By By Danica Coto on December 07, 2012
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SAN JUAN, Puerto Rico (AP) — The former leader of a militant group that has long fought for Puerto Rico’s independence from the U.S. was greeted by dozens of supporters Thursday as he arrived home to finish serving a prison sentence. Avelino Gonzalez Claudio eluded the FBI for more than two decades before he was arrested in Puerto Rico in 2008 for involvement in a $7 million robbery of a Wells Fargo & Co. armored truck depot in Connecticut in 1983. At the time, It was the biggest cash robbery in U.S. history. Gonzalez was sentenced in 2010 to seven years in prison, and spent most of the past two years at a federal prison in Ashland, Kentucky. Prison spokesman Brian Sparks said in a phone interview that Gonzalez was cleared for placement in a residential re-entry center in Puerto Rico to help integrate him back into society.
Gonzalez will be freed Feb. 5, Sparks said. As Gonzalez emerged from the main international airport in San Juan, supporters applauded and shouted, “Homeland or Death!” and “Free Puerto Rico!” while furiously waving the island’s red, white and blue flag. Despite the raucous welcome, the independence movement has dwindled in recent years, with mostly college students and aging activists embracing a cause that once dominated the Caribbean island’s political scene.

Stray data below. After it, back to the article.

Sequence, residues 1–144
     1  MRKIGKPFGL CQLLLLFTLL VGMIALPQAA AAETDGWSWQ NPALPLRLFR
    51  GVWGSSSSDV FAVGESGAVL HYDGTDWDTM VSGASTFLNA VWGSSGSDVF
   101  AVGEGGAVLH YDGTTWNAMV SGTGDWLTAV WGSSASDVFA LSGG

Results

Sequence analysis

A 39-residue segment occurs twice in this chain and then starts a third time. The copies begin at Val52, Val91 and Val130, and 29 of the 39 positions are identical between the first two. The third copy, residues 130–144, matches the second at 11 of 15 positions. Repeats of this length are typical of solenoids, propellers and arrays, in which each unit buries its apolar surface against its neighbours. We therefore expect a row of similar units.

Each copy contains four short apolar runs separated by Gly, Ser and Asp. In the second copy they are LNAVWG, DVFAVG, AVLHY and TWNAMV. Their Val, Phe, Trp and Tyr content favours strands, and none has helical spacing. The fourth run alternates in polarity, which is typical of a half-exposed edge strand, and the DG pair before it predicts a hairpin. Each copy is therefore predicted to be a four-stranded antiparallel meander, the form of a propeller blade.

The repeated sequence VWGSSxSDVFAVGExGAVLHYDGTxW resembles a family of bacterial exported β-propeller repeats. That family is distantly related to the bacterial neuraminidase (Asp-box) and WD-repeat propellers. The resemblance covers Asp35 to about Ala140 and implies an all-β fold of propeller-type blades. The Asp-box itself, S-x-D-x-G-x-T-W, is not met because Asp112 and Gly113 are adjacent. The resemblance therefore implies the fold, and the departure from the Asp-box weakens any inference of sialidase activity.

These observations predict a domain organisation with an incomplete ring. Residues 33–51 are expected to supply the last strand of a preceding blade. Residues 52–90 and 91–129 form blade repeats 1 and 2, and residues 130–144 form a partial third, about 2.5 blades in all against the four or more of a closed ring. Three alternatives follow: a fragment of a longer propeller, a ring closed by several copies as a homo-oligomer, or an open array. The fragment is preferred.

Gonzalez, who is nearly 70, hugged a few supporters but did not speak to anyone as ordered by authorities. Family members took him to the re-entry center in the San Juan area. Hilton Fernandez Diamante, a close friend and fellow independence activist, said in a phone interview that Gonzalez has Parkinson’s and will receive medical treatment in hopes of improving his condition.
“He’s very deteriorated physically, but his mind is very sharp, always thinking about his ideals and the fact that Puerto Rico will someday obtain its political freedom,” said Fernandez, who also served five years in the Wells Fargo case. He acknowledged that what used to be Puerto Rico’s main independence party has splintered into embittered factions, with independence candidates struggling to get onto the ballot. “Struggles have their time and their place,” Fernandez said. “Neither the intention, nor the intensity, nor the desire of those who fight for freedom has really changed. Circumstances are what change.”